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Simmons, Aramark Vie for UMOC

By Maral Shamloo


If you’ve never experienced the foul stench of a six-year-old carton of milk rotting away in a dorm fridge, visit Random Hall today. Then decide whether mandatory dining or Simmons Hall could possibly be any uglier than Random Hall Milk.

MIT’s chapter of the Alpha Phi Omega service fraternity is running the annual Ugliest Manifestation on Campus contest once again. Today is the last day to vote in Lobby 10 by donating money to charity in the name of a favorite UMOC candidate.

This year’s candidates include perennial favorite Random Hall Milk, new undergraduate dormitory Simmons Hall, mandatory dining plans, Aramark, the MIT Museum, the Lobby 7 scaffolding, East Campus artwork Transparent Horizons, and objectivism, the Ayn Rand-inspired philosophy. As of 5 p.m. Wednesday, Simmons Hall led the mandatory meal plan $93.83 to $77.49, with Random Hall Milk a close third at $62.62.

UMOC organizers were not surprised by the top three candidates. “Although the mandatory meal plan concerns more students, Random Hall milk has a whole dorm behind it,” said UMOC committee member Andromeda Yelton. “Or in the case of Simmons Hall, there are many people who are concerned about the issue, for instance those who are interested in living in Simmons Hall in future.”

Contest changed since inception

APO originally sponsored the Ugliest Man on Campus contest, until a woman described as “rather stunning” by APO’s web site won the contest on the premise that she was an ugly man. The contest was subsequently renamed, and in recent years has focused more on policies and physical objects than ugly individuals.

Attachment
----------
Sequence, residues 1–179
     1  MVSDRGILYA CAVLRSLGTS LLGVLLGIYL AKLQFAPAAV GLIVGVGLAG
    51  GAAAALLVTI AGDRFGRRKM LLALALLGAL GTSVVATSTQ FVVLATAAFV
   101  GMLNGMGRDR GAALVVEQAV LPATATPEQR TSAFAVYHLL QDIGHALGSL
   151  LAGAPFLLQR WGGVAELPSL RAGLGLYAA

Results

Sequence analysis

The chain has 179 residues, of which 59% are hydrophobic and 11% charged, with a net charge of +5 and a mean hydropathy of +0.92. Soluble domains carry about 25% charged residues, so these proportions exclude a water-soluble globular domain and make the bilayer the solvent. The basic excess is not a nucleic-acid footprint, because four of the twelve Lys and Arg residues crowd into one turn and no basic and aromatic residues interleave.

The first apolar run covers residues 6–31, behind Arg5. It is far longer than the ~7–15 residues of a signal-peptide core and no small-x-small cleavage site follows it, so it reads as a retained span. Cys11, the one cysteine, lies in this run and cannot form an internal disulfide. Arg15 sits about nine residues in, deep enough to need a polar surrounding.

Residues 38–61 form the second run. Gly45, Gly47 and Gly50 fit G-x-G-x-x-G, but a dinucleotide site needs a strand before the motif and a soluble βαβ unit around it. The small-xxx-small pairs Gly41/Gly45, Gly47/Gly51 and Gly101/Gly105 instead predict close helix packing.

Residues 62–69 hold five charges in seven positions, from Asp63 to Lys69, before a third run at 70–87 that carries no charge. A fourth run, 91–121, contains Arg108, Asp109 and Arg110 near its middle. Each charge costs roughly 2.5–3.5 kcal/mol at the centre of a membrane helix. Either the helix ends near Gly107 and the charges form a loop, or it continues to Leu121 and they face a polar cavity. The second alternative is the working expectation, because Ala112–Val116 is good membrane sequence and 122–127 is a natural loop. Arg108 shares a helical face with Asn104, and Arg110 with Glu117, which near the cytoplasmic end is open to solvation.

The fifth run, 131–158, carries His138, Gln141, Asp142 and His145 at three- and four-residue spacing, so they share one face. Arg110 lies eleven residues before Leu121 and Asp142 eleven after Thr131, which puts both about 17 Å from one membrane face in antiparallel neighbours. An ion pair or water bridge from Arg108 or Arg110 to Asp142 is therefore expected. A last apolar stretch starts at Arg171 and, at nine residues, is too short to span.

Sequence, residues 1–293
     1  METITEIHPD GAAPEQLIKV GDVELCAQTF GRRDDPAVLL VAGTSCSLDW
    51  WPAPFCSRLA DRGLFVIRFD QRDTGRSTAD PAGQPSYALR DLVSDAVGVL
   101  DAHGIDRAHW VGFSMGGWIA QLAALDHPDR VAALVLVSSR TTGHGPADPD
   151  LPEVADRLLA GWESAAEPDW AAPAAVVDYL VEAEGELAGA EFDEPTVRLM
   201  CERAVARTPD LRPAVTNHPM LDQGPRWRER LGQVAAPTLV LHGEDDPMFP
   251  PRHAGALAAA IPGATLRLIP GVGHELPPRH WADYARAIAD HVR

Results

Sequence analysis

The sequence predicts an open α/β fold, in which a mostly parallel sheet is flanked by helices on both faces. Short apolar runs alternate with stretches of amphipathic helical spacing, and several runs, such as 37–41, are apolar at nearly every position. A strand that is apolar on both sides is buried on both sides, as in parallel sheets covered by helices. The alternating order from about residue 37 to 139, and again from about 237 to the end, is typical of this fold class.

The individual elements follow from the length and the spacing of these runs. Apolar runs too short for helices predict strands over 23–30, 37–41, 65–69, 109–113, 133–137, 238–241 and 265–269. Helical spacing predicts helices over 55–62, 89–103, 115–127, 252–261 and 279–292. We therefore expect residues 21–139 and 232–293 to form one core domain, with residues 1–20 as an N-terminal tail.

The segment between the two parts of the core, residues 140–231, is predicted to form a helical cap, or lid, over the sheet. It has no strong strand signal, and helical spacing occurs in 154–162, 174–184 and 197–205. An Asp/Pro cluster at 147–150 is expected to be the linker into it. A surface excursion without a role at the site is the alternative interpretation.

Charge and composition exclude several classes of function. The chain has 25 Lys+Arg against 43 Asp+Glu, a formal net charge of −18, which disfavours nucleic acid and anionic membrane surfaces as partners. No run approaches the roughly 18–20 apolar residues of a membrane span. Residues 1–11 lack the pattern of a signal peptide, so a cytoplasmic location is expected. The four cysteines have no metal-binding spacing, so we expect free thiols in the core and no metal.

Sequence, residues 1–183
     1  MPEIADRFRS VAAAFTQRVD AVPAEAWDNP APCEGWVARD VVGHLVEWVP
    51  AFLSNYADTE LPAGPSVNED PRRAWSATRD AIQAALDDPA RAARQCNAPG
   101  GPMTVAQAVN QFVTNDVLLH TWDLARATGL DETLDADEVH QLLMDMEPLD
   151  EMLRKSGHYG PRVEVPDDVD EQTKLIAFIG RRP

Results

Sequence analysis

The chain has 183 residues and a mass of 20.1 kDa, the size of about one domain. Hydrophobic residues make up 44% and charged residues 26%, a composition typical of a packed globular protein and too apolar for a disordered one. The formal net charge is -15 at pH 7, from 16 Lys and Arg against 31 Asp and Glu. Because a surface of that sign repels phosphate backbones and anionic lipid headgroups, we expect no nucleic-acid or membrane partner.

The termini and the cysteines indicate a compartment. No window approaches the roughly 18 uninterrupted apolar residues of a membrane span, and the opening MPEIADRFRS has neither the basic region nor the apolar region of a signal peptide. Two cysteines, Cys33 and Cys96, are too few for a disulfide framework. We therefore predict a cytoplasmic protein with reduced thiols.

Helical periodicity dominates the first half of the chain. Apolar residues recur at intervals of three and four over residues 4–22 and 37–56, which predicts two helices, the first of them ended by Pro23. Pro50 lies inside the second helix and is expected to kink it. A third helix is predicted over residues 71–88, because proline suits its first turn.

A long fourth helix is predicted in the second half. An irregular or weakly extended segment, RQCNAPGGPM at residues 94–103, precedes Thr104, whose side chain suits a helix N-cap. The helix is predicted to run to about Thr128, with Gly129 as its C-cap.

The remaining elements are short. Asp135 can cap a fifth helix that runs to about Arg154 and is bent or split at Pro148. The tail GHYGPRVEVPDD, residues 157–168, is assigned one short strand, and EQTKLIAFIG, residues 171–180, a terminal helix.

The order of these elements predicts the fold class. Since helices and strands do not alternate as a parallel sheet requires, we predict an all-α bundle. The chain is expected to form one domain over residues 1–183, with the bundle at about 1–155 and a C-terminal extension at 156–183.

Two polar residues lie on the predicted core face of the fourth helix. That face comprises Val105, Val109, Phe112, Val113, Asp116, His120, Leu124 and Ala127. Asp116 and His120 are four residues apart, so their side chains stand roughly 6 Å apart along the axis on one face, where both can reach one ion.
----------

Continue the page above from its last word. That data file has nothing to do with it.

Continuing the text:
“Back in the 1980s, people used to nominate themselves or their friends ... and they would campaign for them, which had been more interesting in my opinion,” said UMOC manager Benazeer S. Noorani ’04. “That's why they used to raise much more money those days.”

To try and make up some of the lost ground since UMOC changed formats, APO has been actively publicizing the contest. “We have put up posters around campus, distributed flyers in infinite corridor and we have e-mailed the potentially interested e-mailing lists about UMOC,” Noorani said. “However, the event is still not as well known to new students as it could be ... The money we have raised this year is similar to last year’s UMOC.”

Noorani said that APO used to offer a small campaign fund to UMOC candidates, but no one has requested it for several years.

One student said he knew about UMOC simply from being at MIT. “I have been here for couple of years and that's how I know about UMOC,” said David E. Euresti G. “I voted based on the most interesting manifestation rather than the charity it was supporting.”

Charities supported this year include Amnesty International, Literacy Volunteers of Massachusetts, and the Jimmy Fund. When voting finishes, all donated money will go to the winning charity.